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From "LINZ, Arnaud" <AL...@bouyguestelecom.fr>
Subject RE: Checkpoints and catch-up burst (heavy back pressure)
Date Thu, 28 Feb 2019 14:46:41 GMT
Hi Zhihiang,

Thanks for your feedback.

  *   I’ll try option 1 ; time out is 4min for now, I’ll switch it to 40min and will let
you know. Setting it higher than 40 min does not make much sense since after 40 min the pending
output is already quite large.
  *   Option 3 won’t work ; I already take too many ressources, and as my source is more
or less a hdfs directory listing, it will always be far faster than any mapper that reads
the file and emits records based on its content or sink that store the transformed data, unless
I put “sleeps” in it (but is this really a good idea?)
  *   Option 2: taskmanager.network.memory.buffers-per-channel and taskmanager.network.memory.buffers-per-gate
are currently unset in my configuration (so to their default of 2 and 8), but for this streaming
app I have very few exchanges between nodes (just a rebalance after the source that emit file
names, everything else is local to the node). Should I adjust their values nonetheless ? To
higher or lower values ?
De : zhijiang <wangzhijiang999@aliyun.com>
Envoyé : jeudi 28 février 2019 10:58
À : user <user@flink.apache.org>; LINZ, Arnaud <ALINZ@bouyguestelecom.fr>
Objet : Re: Checkpoints and catch-up burst (heavy back pressure)

Hi Arnaud,

I think there are two key points. First the checkpoint barrier might be emitted delay from
source under high backpressure for synchronizing lock.
Second the barrier has to be queued in flighting data buffers, so the downstream task has
to process all the buffers before barriers to trigger checkpoint and this would take some
time under back pressure.

There has three ways to work around:
1. Increase the checkpoint timeout avoid expire in short time.
2. Decrease the setting of network buffers to decrease the amount of flighting buffers before
barrier, you can check the config of  "taskmanager.network.memory.buffers-per-channel" and
3. Adjust the parallelism such as increasing it for sink vertex in order to process source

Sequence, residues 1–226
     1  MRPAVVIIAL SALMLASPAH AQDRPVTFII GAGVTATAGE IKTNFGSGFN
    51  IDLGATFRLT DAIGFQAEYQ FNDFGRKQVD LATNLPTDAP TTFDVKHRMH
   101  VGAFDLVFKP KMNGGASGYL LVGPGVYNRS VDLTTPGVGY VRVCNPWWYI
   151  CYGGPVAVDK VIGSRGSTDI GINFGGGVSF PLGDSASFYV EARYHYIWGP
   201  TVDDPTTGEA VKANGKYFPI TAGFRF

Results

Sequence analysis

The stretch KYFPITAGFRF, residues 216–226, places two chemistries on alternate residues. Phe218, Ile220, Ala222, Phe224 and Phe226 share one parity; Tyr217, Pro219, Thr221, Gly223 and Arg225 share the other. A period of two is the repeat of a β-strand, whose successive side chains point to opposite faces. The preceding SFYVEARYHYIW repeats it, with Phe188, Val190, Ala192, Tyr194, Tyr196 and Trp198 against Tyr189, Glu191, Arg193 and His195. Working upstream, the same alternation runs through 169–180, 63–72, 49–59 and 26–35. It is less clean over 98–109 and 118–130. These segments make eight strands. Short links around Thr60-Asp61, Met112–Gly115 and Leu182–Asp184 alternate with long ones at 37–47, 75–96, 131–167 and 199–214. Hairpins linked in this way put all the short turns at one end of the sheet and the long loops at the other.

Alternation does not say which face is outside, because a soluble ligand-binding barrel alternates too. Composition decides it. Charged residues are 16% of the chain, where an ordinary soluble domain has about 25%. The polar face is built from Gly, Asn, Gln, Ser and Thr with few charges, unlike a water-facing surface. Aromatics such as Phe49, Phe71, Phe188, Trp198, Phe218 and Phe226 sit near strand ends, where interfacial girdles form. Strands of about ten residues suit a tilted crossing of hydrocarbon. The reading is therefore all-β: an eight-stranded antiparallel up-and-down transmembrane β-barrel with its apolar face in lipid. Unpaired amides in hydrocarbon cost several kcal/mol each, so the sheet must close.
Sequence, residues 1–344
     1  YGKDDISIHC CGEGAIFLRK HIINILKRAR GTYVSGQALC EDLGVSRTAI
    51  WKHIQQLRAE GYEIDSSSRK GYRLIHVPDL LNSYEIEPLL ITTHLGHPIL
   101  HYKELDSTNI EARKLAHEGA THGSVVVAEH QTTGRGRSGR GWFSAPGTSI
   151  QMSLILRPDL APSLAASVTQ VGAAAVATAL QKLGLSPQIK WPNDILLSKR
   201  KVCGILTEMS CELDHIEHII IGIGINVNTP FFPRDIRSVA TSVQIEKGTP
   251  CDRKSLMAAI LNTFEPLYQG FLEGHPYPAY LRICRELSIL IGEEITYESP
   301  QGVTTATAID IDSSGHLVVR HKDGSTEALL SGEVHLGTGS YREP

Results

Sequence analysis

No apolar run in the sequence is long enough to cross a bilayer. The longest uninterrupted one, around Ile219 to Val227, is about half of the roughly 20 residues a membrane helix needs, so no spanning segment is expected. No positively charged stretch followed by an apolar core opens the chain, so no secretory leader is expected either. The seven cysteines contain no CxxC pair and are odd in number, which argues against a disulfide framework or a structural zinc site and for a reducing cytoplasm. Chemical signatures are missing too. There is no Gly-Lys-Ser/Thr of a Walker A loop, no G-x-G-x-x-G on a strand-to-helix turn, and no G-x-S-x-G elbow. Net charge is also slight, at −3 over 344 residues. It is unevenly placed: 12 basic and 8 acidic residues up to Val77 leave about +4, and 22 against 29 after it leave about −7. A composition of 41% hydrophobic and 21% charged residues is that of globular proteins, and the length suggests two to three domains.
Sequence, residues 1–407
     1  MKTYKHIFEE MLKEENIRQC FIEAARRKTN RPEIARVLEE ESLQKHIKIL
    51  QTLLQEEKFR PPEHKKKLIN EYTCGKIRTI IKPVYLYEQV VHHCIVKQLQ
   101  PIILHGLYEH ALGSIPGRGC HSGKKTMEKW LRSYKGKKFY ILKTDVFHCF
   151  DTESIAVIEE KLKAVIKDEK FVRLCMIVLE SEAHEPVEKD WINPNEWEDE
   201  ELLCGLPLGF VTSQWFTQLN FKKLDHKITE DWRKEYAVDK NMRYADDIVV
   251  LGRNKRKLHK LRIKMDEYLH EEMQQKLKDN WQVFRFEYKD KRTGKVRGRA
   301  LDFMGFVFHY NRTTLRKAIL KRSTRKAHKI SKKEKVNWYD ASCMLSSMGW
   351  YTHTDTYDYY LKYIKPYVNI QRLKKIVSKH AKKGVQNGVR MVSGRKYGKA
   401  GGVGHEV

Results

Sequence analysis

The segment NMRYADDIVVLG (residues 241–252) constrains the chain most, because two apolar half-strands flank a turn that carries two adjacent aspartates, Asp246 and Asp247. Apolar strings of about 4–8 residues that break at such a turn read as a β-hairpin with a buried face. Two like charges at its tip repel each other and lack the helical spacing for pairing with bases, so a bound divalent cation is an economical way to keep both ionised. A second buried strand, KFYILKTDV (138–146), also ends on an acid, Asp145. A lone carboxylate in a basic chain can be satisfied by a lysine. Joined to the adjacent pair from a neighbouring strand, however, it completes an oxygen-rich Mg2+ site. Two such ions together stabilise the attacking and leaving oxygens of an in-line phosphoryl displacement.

data faster, to avoid backpressure in some extent.

You could check which way is suitable for your scenario and may have a try.

From:LINZ, Arnaud <ALINZ@bouyguestelecom.fr<mailto:ALINZ@bouyguestelecom.fr>>
Send Time:2019年2月28日(星期四) 17:28
To:user <user@flink.apache.org<mailto:user@flink.apache.org>>
Subject:Checkpoints and catch-up burst (heavy back pressure)


I have a simple streaming app that get data from a source and store it to HDFS using a sink
similar to the bucketing file sink. Checkpointing mode is “exactly once”.
Everything is fine on a “normal” course as the sink is faster than the source; but when
we stop the application for a while and then restart it, we have a catch-up burst to get all
the messages emitted in the meanwhile.
During this burst, the source is faster than the sink, and all checkpoints fail (time out)
until the source has been totally caught up. This is annoying because the sink does not “commit”
the data before a successful checkpoint is made, and so the app release all the “catch up”
data as a atomic block that can be huge if the streaming app was stopped for a while, adding
an unwanted stress to all the following hive treatments that use the data provided in micro
batches and to the Hadoop cluster.

How should I handle the situation? Is there something special to do to get checkpoints even
during heavy load?

The problem does not seem to be new, but I was unable to find any practical solution in the

Best regards,


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